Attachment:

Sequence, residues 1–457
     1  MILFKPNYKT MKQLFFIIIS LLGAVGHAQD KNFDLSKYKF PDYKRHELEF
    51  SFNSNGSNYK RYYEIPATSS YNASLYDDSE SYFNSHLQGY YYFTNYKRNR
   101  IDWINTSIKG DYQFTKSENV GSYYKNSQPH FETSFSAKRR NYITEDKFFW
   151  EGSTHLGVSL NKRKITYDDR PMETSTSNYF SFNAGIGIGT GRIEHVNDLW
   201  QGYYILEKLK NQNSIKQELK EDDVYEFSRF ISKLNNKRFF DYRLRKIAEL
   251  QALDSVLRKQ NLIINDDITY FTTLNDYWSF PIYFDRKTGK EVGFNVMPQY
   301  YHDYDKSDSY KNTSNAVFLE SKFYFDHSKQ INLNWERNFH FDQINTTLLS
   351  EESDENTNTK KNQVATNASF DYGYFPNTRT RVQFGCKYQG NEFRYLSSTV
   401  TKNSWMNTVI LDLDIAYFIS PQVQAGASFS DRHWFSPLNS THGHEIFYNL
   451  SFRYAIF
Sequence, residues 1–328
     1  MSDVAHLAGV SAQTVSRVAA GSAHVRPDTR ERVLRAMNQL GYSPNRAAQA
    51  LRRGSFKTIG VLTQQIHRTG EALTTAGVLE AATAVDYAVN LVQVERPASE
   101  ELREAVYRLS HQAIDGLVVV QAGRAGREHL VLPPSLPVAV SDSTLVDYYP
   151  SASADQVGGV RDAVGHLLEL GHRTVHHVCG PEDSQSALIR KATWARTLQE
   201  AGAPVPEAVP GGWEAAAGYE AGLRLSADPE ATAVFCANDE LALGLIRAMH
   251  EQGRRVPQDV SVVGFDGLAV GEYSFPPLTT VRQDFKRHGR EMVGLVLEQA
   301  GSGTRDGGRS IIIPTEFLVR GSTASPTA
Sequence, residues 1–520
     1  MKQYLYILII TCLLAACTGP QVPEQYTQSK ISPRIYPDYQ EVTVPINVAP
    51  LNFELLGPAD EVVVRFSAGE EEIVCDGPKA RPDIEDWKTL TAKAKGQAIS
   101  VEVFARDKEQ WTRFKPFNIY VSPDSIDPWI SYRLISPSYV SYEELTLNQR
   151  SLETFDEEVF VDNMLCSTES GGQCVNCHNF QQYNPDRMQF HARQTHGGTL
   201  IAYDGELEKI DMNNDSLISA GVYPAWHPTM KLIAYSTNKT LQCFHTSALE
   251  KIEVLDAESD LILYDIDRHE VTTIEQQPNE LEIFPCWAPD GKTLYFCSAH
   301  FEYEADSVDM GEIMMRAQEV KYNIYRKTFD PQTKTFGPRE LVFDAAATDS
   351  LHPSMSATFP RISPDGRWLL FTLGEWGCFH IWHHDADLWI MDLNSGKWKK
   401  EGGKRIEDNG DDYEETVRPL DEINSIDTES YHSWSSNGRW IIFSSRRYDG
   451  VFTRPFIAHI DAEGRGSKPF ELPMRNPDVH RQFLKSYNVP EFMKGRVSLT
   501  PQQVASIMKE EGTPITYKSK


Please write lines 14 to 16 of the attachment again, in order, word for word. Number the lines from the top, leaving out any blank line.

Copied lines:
    51  LRRGSFKTIG VLTQQIHRTG EALTTAGVLE AATAVDYAVN LVQVERPASE
   101  ELREAVYRLS HQAIDGLVVV QAGRAGREHL VLPPSLPVAV SDSTLVDYYP
   151  SASADQVGGV RDAVGHLLEL GHRTVHHVCG PEDSQSALIR KATWARTLQE